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[–] ChanceofRain 0 points 1 points (+1|-0) ago 

Closest I got to that was reading the Dragonlance series, or perhaps some of the Elric stories.

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[–] ChanceofRain 0 points 1 points (+1|-0) ago 

Check out Camelot 30k by Robert Forward, probably the most in-depth science fiction I've ever read.

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[–] ssjheero 0 points 1 points (+1|-0) ago 

I've never read it, but yes, there's a scale to how "hard" the science is in a story. Since few writers are knowledgeable in scientific subjects, the "hard" stories tend to be much fewer than the "soft" stories, where you can entirely replace the "science" with "magic" and nothing about the story would change.

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[–] Yohbro 0 points 0 points (+0|-0) ago 

Is it really Star Trek and Star Wars that are your examples of why science fiction should be within the fantasy genre and browsing category?

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[–] ssjheero 0 points 0 points (+0|-0) ago 

No, there are other sci-fi stories which can be repurposed as fantasy stories. Mass Effect is a version of a Cthulhu-lite storyline in space. Guardians of the Galaxy is a generic fantasy story where a group of differing races (all humanoid, naturally) come together to keep a MacGuffin away from the villain. There are many others, but those are the ones that come to mind right away.

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[–] 3807656? 0 points 0 points (+0|-0) ago  (edited ago)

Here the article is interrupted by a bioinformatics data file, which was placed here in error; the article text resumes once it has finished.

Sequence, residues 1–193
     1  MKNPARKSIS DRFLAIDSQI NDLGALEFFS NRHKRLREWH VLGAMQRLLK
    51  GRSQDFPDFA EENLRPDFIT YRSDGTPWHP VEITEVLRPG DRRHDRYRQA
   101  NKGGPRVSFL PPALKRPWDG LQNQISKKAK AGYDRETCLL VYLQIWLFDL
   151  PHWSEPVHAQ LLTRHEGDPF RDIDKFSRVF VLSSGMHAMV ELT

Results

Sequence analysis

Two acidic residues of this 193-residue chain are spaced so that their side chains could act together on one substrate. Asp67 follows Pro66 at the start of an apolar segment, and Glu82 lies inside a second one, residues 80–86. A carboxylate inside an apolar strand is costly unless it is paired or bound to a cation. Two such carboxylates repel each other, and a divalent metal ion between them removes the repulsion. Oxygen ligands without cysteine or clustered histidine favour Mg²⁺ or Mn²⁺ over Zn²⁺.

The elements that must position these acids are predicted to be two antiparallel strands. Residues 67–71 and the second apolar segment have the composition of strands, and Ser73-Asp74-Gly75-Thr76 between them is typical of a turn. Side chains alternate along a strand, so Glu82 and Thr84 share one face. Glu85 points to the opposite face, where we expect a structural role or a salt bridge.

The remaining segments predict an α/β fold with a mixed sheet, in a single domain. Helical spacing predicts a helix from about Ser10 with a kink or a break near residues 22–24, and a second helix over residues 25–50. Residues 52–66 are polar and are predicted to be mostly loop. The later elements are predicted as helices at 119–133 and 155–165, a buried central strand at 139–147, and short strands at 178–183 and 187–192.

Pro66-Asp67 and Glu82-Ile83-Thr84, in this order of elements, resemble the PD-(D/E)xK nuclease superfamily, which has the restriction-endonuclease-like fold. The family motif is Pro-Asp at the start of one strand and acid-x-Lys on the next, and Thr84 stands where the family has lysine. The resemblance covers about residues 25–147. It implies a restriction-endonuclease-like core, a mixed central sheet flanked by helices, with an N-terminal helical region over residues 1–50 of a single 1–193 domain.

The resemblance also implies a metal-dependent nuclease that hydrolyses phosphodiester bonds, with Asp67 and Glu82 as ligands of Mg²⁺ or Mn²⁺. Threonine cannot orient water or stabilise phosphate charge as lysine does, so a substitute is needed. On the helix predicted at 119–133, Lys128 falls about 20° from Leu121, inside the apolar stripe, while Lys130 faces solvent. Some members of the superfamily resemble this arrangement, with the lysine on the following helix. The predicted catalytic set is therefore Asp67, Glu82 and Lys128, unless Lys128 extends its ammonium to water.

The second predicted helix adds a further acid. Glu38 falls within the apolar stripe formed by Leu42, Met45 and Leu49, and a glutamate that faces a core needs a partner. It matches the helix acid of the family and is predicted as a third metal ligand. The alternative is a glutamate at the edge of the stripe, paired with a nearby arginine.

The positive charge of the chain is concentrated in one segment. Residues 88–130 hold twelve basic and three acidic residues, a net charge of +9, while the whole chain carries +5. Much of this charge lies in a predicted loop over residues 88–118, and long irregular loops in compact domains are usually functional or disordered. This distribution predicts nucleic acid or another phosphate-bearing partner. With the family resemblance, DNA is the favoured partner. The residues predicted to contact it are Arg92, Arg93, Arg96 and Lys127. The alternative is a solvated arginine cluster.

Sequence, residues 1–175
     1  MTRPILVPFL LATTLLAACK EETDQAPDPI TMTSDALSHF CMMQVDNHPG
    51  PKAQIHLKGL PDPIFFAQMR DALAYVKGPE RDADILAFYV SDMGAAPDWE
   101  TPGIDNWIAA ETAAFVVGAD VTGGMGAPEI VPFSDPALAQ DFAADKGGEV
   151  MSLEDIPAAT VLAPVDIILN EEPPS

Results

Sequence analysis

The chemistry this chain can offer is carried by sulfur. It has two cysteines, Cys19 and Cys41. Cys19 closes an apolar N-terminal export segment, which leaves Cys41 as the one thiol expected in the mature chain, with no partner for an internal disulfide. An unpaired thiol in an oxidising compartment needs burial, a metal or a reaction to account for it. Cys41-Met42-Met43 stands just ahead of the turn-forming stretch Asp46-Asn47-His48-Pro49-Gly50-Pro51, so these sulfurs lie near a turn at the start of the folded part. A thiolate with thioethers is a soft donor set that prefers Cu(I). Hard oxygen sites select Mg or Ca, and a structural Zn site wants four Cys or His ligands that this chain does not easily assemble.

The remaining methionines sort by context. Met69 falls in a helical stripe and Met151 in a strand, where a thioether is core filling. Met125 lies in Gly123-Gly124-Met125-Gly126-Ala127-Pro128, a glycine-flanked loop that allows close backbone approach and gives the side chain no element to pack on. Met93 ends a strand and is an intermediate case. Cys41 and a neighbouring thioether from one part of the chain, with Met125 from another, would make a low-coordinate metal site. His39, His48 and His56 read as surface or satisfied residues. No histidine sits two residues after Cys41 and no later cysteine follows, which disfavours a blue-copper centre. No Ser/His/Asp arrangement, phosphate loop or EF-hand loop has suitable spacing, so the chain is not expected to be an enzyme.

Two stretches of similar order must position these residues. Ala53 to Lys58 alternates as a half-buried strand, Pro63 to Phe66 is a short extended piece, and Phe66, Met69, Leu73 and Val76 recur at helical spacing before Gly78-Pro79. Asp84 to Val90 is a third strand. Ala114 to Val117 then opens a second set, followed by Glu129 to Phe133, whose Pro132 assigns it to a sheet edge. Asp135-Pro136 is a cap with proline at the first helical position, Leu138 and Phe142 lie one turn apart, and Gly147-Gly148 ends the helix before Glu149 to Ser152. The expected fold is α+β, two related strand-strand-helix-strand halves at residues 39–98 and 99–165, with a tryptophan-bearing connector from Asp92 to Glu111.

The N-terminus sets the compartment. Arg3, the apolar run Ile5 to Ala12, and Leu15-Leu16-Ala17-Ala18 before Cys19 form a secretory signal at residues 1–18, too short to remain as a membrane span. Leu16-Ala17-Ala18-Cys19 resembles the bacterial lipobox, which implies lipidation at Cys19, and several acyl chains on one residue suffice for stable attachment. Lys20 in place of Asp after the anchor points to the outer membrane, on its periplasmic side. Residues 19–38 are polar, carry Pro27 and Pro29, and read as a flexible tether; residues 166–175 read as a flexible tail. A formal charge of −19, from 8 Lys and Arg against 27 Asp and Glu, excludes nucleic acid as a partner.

You've said that few sci-fi writers are actually knowledgeable scientifically. Asimov was a biochemist and self-educated astronomer, and Robert A. Heinlein was an engineer. Then you have writers like Dan Simmons who, I believe, consult with scientists for practically every sci-fi work they produce, or writers like Carl Sagan (who was of course not known primarily for his sci-fi, but it's out there).

I would agree that sci-fi has overlap with fantasy in that many of the principles good works explore do not presently exist, but the point is they could, which is untrue of fantasy (at least as the stories are told). Sci-fi asks questions such as what if?, and develops stories based on the writers' responses. Sci-fi extends on present science to reach levels that could theoretically be reached. Consider how many devices in Star Trek were "fantastic" when they first appeared. Several of such devices are now parts of our everyday lives. Fiction to reality. You don't get that often in fantasy.

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[–] ssjheero 0 points 1 points (+1|-0) ago 

I know there are writers who were knowledgeable about science. The vast majority aren't, simply because the skills required to learn science is not required to be a good writer, or even a good sci-fi writer. You can be a great sci-fi writer without any scientific knowledge, so long as it sounds plausible or you put enough technobabble that's internally consistent.